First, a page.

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Thin rocky soil in road cutting on the Monaro Plain

The Monaro Plain

Located in the Snowy Mountains Region of NSW, nearest towns Bombala and Cooma

Source: Monaro Region, New South Wales G.Taylor and I.C.Roach

Source: The Native Grasslands of the Monaro Region New South Wales J.S.Benson

Source: Source: Wikipedia

Link to Detailed Map

The name Monaro has Aboriginal origins, meaning a high plateau or high plain. Because of the cold temperatures and lack of game it is likely that Aborigines did not stay year around in the higher parts of the Monaro. For the purpose of this document we will define the Monaro as covering the area from Bredbo to Delegate in the north south aspect and Cathcart to Berridale in an east west direction.

It is famously known as the treeless plain and many people think this is because it has been over grazed, but this is not the case. It was treeless when pioneers first came to the region. Lhotsky (1835) described the plains in the vicinity of Cooma "The scene all around was composed of undulating downs, long projected hills among them, covered with very few trees." The Monaro Plain is a classic case of how geology and weather affects land use. The soil in the region is thin, the temperatures are cold and the plain falls in a rain shadow area between the Eastern Escarpment and the Snowy Mountains.

Geology

The underlying rocks are mainly Palaeozoic Era sediments which have been folded, faulted and metamorphosed during the formation of the Lachlan Fold Belt. The Palaeozoic Era includes the periods Carboniferous (youngest), Devonian, Silurian and Ordovician (oldest). There are Ordovician flysch sequences (sedimentary rocks deposited in a deep marine environment) that host two significant regional metamorphic complexes.

Granitoid intrusions occurred in the late Silurian period (Berridale Batholith) to the early Devonian period (Bega Batholith). Late Devonian to early Carboniferous sediments overlay the earlier Palaeozoic Era rocks.

From about 58 to 43 million years ago (Eocene epoch) there was much basaltic lava field volcanism in the Monaro creating thick lava masses including interlocking lava shield and scoria cone volcanoes and some maars (shallow volcanoes created from groundwater coming in contact with lava/magma). This is known as the Monaro Volcanic Province and included about 65 volcanic eruption sites. The basalt has covered the pre-eruptive landscape and preserved it from weathering. It is thought that the basalt flows filled the existing valley systems leaving the older Palaeozoic era hills.

At Myalla Lake, (directly south of Cooma on the west side of Myalla Road) drilling has proved the basalt pile is 197m thick and is made up of about 22 individual flows. Seven of these are topped by weathered material up to 12.5m thick. This alternate basalt and weathered rock strata indicates that there were long periods of approximately 5 million years between lava flows.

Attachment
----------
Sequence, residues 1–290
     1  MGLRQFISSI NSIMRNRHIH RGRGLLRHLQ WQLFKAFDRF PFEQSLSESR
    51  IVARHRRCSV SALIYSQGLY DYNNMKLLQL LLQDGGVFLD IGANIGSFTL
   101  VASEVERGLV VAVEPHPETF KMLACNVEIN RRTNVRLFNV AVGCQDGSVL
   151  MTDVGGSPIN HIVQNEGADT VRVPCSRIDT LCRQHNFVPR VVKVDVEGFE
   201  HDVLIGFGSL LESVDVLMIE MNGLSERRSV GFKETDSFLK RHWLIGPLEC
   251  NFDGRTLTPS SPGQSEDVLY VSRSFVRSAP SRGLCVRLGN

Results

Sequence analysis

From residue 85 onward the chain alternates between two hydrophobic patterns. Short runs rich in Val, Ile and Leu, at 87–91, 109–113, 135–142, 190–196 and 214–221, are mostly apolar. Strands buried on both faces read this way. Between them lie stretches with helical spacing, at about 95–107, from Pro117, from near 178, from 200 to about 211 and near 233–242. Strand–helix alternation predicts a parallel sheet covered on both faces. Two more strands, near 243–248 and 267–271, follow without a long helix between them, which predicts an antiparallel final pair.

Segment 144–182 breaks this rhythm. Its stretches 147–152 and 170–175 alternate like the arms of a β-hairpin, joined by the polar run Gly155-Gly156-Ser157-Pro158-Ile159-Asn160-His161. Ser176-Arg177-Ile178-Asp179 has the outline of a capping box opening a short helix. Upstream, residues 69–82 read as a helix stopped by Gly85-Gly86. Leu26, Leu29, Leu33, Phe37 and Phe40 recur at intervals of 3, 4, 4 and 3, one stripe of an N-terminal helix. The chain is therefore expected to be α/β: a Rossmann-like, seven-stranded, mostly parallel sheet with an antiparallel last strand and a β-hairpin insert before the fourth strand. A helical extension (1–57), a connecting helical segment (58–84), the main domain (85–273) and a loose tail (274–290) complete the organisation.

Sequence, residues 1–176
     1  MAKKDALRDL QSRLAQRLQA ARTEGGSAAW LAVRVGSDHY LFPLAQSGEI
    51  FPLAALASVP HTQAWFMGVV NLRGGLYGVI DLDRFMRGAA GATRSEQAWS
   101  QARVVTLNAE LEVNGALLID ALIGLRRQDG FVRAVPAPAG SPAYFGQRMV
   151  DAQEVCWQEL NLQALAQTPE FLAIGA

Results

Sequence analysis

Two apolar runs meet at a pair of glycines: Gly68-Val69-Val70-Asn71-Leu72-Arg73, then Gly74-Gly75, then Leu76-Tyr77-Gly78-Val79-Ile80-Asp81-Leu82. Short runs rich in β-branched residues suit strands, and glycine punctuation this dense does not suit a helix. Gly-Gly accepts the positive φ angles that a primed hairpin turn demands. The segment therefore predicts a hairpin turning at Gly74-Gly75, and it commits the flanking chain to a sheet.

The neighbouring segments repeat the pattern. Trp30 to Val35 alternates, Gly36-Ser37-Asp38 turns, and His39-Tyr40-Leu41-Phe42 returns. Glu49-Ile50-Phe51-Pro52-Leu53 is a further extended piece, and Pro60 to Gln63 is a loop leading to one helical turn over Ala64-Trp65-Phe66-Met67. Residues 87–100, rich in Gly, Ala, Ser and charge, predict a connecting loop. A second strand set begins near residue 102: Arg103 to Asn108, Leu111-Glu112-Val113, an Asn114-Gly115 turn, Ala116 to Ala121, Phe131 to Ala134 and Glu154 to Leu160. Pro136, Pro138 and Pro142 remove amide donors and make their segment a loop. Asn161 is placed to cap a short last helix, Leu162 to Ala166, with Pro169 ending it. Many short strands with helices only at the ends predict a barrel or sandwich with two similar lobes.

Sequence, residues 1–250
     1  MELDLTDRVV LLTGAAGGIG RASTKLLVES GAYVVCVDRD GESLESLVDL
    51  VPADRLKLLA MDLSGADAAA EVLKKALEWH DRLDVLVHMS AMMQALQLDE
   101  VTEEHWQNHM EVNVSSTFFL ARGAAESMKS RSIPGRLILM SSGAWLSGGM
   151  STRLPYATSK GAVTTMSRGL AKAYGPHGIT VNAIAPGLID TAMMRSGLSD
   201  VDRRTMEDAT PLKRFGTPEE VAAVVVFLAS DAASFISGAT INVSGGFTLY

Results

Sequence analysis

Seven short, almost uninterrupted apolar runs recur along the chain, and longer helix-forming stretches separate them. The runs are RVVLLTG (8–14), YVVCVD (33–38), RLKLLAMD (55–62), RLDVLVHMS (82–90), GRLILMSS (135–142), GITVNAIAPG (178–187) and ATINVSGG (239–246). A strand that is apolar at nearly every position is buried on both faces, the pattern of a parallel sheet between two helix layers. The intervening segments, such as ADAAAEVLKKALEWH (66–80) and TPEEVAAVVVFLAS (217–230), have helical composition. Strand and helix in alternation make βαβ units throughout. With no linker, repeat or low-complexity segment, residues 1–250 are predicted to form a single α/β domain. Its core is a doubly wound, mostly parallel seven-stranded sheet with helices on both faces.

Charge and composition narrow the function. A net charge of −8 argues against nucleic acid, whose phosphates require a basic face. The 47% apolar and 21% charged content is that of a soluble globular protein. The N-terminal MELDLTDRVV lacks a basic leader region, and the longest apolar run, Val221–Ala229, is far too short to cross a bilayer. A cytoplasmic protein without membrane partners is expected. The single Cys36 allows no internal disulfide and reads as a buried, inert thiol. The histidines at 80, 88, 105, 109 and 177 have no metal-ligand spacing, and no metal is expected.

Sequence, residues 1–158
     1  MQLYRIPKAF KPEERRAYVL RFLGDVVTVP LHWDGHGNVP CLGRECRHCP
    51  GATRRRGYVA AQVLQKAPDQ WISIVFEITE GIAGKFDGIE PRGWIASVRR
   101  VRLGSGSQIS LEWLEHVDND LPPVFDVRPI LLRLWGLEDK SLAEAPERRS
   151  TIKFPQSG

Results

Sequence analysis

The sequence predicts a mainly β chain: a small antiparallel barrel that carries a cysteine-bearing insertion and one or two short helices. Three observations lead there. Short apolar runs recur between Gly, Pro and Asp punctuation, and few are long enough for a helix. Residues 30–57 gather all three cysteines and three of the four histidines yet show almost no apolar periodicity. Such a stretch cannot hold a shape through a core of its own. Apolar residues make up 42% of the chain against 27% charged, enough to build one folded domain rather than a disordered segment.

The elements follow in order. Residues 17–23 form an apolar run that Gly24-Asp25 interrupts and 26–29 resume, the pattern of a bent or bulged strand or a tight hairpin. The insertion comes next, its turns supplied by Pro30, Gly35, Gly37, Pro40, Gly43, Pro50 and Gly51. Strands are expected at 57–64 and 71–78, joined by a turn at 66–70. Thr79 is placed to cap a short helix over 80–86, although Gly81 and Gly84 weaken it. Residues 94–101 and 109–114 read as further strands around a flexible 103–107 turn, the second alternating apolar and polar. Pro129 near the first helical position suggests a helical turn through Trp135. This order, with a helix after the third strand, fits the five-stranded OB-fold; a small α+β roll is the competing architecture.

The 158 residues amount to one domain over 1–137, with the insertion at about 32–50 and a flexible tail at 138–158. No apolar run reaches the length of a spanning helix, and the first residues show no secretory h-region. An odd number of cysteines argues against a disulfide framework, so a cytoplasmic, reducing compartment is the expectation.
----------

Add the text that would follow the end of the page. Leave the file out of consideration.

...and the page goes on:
The Monaro plain has an elevation of around 900 metres with the occasional hill or low range. Other than the Palaeozoic Era hills there are volcanic plugs such as Hudsons Peak 1,123m, (latitude -36.433333 and longitude 149.166667). Topped by a communications tower, Hudsons Peak is located at the end of the Peak Road which leads west from the Monaro Highway halfway between Cooma and Nimmitabel.

Surprisingly there are many high country lakes on the Monaro Plain. Some of these are caused by basalt flows cutting off headwater streams, an example is Arable Lake, located on the east side of Arable Road which leads off Kosciusko Road south west of Cooma. Others are caused by a wind erosion process known as deflation and occur mostly on the Monaro Range which runs in a north westerly aspect from Bemboka to Nimmitabel and on to Cooma. This range is made up of remnant eruptive sites linked by high standing lavas and is a dominant feature of the area.

In the last million and a half years during the Quaternary period, the area has continued to weather with most of the regolith (layer of old loose rocks covering base rock) consisting of alluvium (sediments, which has been eroded, reshaped by water in some form), colluvium (rock debris) or aeolianite (wind weathered sediments forming into rocks - lithification). Much of the regolith contains calcium carbonate (calcrete) which normally forms in areas of low rainfall. This indicates the rain shadow over the Monaro Plain must have been in place for many millions of years to allow for the development of thick calcrete profiles that occur in this region.

Getting There

The Monaro Plain is beautiful in its isolation, far horizons and swaying grasslands. The sight of the velvet dark blue sky immediately after sunset is awesome. There is accommodation in Cooma, Nimmitabel and Bombala but it is a good idea to book ahead as a wedding in town can take up many of the available beds. There are many other interesting sites in the Snowy region including; viewing platypus in the Bombala River; the historic Mill in Nimmitabel, wineries and Cooma Monaro Rail Motor rides. While you're in the area visit the spectacular Myanba Creek Gorge near Bombala; you will find information about it on this website.


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